[sahy-kuh-loj-i-kuh l]


of or relating to psychology.
pertaining to the mind or to mental phenomena as the subject matter of psychology.
of, pertaining to, dealing with, or affecting the mind, especially as a function of awareness, feeling, or motivation: psychological play; psychological effect.

Sometimes psy·cho·log·ic.

Origin of psychological

First recorded in 1785–95; psycholog(y) + -ical
Related formspsy·cho·log·i·cal·ly, adverbnon·psy·cho·log·ic, adjectivenon·psy·cho·log·i·cal, adjectivenon·psy·cho·log·i·cal·ly, adverbpre·psy·cho·log·i·cal, adjectivepseu·do·psy·cho·log·i·cal, adjectivesem·i·psy·cho·log·ic, adjectivesem·i·psy·cho·log·i·cal, adjectivesem·i·psy·cho·log·i·cal·ly, adverbun·psy·cho·log·i·cal, adjectiveun·psy·cho·log·i·cal·ly, adverb Unabridged Based on the Random House Unabridged Dictionary, © Random House, Inc. 2019

Examples from the Web for psychological

Contemporary Examples of psychological

Historical Examples of psychological

  • This is the psychological moment to set your friends to work.

    The Secret Agent

    Joseph Conrad

  • In the cant of modern metaphysics, the moment was psychological.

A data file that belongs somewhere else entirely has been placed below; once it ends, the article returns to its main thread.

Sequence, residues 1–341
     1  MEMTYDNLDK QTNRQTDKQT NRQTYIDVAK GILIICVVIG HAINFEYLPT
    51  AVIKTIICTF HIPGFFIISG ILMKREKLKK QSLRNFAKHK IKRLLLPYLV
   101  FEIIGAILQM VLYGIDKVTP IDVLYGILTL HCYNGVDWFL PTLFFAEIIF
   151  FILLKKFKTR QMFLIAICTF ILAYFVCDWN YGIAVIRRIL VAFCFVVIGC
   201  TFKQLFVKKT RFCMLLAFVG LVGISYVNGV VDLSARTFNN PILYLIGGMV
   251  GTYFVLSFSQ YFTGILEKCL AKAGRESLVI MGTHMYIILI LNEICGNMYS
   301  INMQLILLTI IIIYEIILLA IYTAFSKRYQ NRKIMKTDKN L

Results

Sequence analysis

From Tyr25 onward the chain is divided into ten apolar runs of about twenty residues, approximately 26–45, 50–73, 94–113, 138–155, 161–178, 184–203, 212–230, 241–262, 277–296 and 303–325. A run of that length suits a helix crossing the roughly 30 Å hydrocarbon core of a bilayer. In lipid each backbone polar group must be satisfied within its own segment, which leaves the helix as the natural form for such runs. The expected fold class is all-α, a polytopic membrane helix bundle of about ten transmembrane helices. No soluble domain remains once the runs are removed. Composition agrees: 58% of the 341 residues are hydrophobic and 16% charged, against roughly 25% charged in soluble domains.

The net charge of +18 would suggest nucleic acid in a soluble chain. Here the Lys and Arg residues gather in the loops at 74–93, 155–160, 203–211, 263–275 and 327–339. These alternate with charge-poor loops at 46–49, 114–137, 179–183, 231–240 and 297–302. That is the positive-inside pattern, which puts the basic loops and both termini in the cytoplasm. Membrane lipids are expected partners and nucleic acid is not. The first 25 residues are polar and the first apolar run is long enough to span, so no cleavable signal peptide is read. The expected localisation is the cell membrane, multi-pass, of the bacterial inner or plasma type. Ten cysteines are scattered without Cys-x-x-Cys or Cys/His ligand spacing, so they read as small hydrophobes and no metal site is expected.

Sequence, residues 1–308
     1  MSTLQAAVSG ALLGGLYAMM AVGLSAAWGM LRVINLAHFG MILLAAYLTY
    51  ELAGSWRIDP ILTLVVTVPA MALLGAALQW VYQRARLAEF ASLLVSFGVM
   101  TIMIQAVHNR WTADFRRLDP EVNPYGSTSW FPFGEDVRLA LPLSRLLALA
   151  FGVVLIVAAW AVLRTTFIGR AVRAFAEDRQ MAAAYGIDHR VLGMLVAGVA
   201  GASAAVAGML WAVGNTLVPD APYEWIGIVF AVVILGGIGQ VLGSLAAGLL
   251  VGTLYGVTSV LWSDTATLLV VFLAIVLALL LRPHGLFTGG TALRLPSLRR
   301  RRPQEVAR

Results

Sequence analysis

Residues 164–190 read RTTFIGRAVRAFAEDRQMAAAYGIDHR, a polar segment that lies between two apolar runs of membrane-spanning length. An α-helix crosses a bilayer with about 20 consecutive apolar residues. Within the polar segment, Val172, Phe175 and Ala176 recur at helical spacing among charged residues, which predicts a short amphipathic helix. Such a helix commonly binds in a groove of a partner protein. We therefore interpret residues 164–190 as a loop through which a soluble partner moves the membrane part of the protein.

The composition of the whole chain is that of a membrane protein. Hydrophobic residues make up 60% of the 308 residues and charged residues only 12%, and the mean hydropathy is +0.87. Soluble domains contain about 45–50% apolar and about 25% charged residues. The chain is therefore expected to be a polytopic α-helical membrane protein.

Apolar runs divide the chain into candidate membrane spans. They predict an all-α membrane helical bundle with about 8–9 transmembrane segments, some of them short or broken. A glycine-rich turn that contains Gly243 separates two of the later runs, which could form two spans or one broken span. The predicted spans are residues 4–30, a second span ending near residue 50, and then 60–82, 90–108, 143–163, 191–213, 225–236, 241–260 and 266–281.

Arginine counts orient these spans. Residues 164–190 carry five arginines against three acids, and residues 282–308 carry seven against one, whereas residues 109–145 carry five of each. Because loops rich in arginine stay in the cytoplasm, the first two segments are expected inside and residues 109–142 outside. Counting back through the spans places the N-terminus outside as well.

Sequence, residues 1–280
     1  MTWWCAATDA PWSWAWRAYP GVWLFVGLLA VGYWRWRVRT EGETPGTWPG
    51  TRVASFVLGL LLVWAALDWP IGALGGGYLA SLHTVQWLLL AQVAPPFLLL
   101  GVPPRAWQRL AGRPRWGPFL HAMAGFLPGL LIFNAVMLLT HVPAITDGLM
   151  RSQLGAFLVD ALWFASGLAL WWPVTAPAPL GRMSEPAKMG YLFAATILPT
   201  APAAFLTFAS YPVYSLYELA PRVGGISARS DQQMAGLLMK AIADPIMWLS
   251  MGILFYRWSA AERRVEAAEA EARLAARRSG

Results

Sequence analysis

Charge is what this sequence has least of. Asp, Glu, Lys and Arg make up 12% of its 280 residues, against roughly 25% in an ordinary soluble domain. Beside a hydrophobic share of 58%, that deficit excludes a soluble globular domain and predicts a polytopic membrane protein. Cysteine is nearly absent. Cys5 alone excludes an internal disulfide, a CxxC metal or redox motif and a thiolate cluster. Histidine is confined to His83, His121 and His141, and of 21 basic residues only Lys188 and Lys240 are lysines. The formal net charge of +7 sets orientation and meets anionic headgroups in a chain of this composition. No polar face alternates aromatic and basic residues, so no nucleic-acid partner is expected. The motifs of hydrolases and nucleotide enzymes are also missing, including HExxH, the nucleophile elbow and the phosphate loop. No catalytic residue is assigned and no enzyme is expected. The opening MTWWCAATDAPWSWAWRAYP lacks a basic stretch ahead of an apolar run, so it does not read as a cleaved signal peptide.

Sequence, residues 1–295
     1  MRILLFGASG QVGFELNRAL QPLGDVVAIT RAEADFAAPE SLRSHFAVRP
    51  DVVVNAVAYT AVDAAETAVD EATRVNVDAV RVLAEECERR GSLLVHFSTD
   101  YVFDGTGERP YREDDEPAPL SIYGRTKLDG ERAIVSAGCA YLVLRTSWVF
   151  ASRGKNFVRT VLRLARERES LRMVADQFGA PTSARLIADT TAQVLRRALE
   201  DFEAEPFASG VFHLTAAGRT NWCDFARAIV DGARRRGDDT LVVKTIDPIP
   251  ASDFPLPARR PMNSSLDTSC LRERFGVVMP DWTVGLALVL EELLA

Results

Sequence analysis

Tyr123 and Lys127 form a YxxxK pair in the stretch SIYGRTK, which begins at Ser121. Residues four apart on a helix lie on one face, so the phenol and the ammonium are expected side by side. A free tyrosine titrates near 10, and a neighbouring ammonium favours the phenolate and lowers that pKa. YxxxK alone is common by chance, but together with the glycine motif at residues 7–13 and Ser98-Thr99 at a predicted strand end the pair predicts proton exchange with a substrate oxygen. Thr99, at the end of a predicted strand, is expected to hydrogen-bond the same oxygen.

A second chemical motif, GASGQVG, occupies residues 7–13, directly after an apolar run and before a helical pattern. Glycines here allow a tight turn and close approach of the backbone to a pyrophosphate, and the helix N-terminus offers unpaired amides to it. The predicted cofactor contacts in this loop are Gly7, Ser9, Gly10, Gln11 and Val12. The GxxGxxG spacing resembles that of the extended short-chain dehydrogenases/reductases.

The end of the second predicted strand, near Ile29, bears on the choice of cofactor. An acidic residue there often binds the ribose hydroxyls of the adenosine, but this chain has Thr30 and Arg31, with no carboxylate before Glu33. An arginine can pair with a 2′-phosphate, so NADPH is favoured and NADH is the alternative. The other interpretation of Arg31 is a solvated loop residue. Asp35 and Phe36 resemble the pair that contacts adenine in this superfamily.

The Black Bag

    Louis Joseph Vance

  • Then he put me through a series of psychological test queries.

  • It is in this psychological domain more than in any other, that she will always triumph.

  • He saw his way to a lovely little bit of psychological realism.

    Audrey Craven

    May Sinclair

British Dictionary definitions for psychological



of or relating to psychology
of or relating to the mind or mental activity
having no real or objective basis; arising in the mindhis backaches are all psychological
affecting the mind
Derived Formspsychologically, adverb
Collins English Dictionary - Complete & Unabridged 2012 Digital Edition © William Collins Sons & Co. Ltd. 1979, 1986 © HarperCollins Publishers 1998, 2000, 2003, 2005, 2006, 2007, 2009, 2012

Word Origin and History for psychological

1680s; see psychology + -ical. Related: Psychologically. Psychological warfare recorded from 1940. Psychological moment was in vogue from 1871, from French moment psychologique "moment of immediate expectation of something about to happen."

The original German phrase, misinterpreted by the French & imported together with its false sense into English, meant the psychic factor, the mental effect, the influence exerted by a state of mind, & not a point of time at all, das Moment in German corresponding to our momentum, not our moment. [Fowler]
Online Etymology Dictionary, © 2010 Douglas Harper

psychological in Medicine




Of or relating to psychology.
Of, relating to, or arising from the mind or emotions.
Influencing or intended to influence the mind or emotions.
The American Heritage® Stedman's Medical Dictionary Copyright © 2002, 2001, 1995 by Houghton Mifflin Company. Published by Houghton Mifflin Company.